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it's all a little fluid


For years we have been advised to up our water intake and yes upping it is always good but it doesn't have to be just water. All non alcoholic fluid count. From a morning cuppa to a milkshake plus fruit juice, fruit tea, and the beloved milk. fizzy drinks are also included when looking to up our fluid intake.

The recommended intake is around 2L per day which is about 8 glasses. Don't panic though, Starting slowly to increase is always a good step forward.

Don't forget that you also get fluid from fruit and veg, stews, gravy and meats (especially those ones from the supermarket that have more than usual fluid... You know what I mean)


The body is made up of around 60% water so you kind of want to keep that fluid in check. I always thought when I had a headache it was because I was using my brain more. Turns out it's just water swishing around (joking but with the brain made up of 75% water only 25% is actual brains... )

Water intake is of course is based on lots of different factors. We lose water naturally by wee, poo breathing and sweating. we need to replace what we lose plus a little bit more.


Some watch outs for fluid.

Some juices can contain up to 12 teaspoons of sugar so keeping an eye on the calories will not only ensure you stay within your budget but also save your teeth.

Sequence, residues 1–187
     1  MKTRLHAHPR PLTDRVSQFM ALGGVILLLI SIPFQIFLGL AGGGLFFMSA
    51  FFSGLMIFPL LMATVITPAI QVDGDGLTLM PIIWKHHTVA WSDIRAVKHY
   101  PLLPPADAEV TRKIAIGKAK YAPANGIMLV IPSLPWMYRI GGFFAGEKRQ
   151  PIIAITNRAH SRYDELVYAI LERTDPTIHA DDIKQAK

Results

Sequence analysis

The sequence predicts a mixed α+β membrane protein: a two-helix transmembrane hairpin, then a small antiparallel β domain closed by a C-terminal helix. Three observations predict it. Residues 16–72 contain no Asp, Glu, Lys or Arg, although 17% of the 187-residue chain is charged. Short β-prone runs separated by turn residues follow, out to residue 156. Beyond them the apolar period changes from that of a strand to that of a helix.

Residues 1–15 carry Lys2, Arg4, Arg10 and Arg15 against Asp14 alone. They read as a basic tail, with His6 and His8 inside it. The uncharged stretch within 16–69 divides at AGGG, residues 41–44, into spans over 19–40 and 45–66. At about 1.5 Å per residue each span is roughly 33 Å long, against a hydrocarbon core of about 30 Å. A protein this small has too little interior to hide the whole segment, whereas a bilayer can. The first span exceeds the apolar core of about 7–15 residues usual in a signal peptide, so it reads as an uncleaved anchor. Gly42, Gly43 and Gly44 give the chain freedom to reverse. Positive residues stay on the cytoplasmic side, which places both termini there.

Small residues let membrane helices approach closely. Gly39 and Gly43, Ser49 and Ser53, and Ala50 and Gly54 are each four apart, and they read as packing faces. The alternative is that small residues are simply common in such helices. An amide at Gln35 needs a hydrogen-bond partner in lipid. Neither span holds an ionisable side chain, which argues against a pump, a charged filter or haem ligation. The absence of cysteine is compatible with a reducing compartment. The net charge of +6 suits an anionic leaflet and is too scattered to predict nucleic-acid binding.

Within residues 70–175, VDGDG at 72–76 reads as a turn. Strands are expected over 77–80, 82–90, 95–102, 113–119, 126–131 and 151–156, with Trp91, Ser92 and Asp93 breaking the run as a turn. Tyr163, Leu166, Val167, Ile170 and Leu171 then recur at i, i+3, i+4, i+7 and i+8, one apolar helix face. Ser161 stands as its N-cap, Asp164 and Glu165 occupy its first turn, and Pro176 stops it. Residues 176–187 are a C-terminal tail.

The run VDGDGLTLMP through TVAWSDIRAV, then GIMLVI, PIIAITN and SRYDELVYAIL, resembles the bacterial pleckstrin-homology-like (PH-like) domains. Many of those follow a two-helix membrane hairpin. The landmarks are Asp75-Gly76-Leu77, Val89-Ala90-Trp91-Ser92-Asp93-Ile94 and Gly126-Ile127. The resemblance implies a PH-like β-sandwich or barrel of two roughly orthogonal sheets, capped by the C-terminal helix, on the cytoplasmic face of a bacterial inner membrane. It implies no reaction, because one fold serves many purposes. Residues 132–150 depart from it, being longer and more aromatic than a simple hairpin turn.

Drinking too much too quickly is not good for us so try to balance the amount throughout the day. We can always set reminders on Nutracheck to do this.



Tea & Coffee

For years we were told that tea and coffee don't really count because the can dehydrate you. The good news is that tea – and coffee – do count towards your daily water intake. Both are made with water, so it stands to reason. But there are often question marks over tea and coffee’s diuretic nature, the caffeine contained in both, and whether or not they will even dehydrate you.


Let’s start with tea. Most types of tea will contain small amounts of caffeine, a natural stimulant, but the levels are much lower than those found in coffee. The level of caffeine will also depend on the type of tea, how much you use, how long you let it brew for, and hot your water is. While most caffeine drinks will have a mild diuretic effect, it’s unlikely to be noticeable with tea.


What about coffee? Some coffees will have a higher caffeine level than others, and obviously more than tea. But the diuretic effect is fairly low in most people, similar to tea. As both tea and coffee do count as water intake, the level of caffeine contained in both drinks shouldn't have any dehydrating effects.



The health benefits of water

While almost all fluids will count towards your daily intake, including tea and coffee, drinking water is the best way to stay hydrated and properly refreshed. It has no sugar, no calories, and contains many essential natural minerals our bodies need to function properly.

So while it doesn’t have a fancy taste, water does many magical things. It’s good for our heart and other essential organs, it flushes our system of toxins, regulates our body temperature, keeps our muscles and joints in good working order, and gives us all increased mental and physical capacity.


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